Members of the Nobel committee have expressed a desire to take back a 1994 decision, in which the Nobel Peace Prize was awarded jointly to Yitzhak Rabin, Shimon Peres and Yasser Arafat. Fair enough, I'd say. About damn' time, I might add.
But wait. It's Peres' award they want to take back, not Arafat's. "One member said Mr Peres had not lived up to the ideals he expressed when he accepted the prize."
And Arafat has?
InstaPundit says, "Words fail me." I can hardly wait to see what the Wall Street Journal's Best of the Web has to say: They haven't missed a chance to point out, as the Palestinian suicide bomber count rises, that Arafat (at whose command these bombers operate) is a recipient of the Peace Prize.
In light of what the European opinion-masters have had to say on the current Israeli-Palestinian conflict thus far, though, it really shouldn't be much of a surprise. I don't wish to blame the good people of Europe for the lapses of their pundits, but the more I read the more convinced I am that the anti-Semitism that reached its peak with the Holocaust didn't just come out of nowhere, and it didn't vanish when WWII ended. They haven't (quite) said that they think Arafat has the right idea, but they haven't said he doesn't, either.
I see three possibilities: (1) Arafat is in complete control of the Palestinian infitada. (2) Arafat is not trying to control it, attempting to maintain "plausible deniability" of actions with which he is in accord but dare not say so (in English). (3) Arafat cannot control it. None of these positions are that of a worthy recipient of a Nobel prize.
Some months ago, President Bush said "Israel has no better friend than the United States." Obviously this is true. Such criticism as Israel gets in America (and there is a fair amount of it) is nothing compared to its reception in the halls of European government, or the pages of the European press.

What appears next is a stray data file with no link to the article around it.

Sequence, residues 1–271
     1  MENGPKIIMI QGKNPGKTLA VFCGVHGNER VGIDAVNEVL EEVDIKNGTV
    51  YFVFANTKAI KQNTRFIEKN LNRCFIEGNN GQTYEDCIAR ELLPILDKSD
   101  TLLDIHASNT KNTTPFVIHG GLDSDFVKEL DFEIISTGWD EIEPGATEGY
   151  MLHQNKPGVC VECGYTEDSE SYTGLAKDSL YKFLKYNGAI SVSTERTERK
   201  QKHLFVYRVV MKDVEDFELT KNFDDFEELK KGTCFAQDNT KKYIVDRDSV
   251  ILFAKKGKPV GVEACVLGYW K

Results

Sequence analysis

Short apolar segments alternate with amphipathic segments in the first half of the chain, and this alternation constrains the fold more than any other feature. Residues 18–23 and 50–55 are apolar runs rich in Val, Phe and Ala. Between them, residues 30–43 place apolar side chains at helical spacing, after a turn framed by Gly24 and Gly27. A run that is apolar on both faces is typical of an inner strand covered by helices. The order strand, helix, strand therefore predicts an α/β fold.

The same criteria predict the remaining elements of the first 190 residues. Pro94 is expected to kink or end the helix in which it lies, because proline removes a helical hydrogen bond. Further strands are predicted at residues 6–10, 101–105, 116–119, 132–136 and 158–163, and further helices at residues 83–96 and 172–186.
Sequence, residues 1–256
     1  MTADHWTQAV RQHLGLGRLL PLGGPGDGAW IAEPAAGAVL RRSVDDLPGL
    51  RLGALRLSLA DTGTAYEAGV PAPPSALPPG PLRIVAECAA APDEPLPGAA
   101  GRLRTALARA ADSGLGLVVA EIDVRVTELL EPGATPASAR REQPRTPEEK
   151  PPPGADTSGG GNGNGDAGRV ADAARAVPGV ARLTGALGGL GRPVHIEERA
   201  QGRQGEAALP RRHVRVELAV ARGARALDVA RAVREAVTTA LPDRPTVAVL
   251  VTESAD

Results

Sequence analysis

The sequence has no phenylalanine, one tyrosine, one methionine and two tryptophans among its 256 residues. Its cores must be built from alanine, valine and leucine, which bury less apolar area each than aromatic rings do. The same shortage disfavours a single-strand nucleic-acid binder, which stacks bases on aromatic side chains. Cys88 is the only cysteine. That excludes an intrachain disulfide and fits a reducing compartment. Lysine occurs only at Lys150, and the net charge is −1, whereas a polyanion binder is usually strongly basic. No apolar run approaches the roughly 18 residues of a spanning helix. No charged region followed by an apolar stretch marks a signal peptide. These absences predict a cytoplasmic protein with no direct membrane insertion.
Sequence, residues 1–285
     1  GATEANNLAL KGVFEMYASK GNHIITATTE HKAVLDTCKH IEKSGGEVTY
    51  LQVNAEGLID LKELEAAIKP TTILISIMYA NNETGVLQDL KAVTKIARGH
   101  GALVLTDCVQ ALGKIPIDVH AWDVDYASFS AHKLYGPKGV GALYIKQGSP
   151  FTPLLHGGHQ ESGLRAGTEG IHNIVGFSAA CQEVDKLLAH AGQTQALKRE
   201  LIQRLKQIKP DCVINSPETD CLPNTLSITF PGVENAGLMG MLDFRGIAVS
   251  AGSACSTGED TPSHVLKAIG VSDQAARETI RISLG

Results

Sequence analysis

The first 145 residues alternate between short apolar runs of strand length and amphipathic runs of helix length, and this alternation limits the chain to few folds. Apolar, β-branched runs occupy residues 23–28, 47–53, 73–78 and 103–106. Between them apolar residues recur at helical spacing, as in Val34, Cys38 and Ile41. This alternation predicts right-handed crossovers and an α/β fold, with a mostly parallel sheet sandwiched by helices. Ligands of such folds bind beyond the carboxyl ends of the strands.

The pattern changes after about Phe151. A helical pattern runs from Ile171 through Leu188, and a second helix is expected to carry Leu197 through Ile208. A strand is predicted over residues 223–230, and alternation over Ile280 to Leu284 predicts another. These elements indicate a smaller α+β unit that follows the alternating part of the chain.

And now this fresh insult from Norway.
Just last night, all over cable news (well, Fox anyway), American interviewers were trying to get Peres (Israeli Foreign Minister, then and now) to answer provocative questions: Peres, in every instance, gave the right, statesmanlike answer. (I am paraphrasing.) Is Arafat a terrorist? It is not for me to say. I would say he has not done everything he could do to achieve peace. Should they take back his Peace Prize? It was given for good reason at the time. Should you even attempt to negotiate with him? It is for the Palestinians to choose who they wish to lead them.
Not to go Reuteresque on you, but I'm beginning to think we are overusing the word "terrorist". I have a feeling that's why the President didn't use it yesterday, choosing instead to say "They are not martyrs. They are murderers."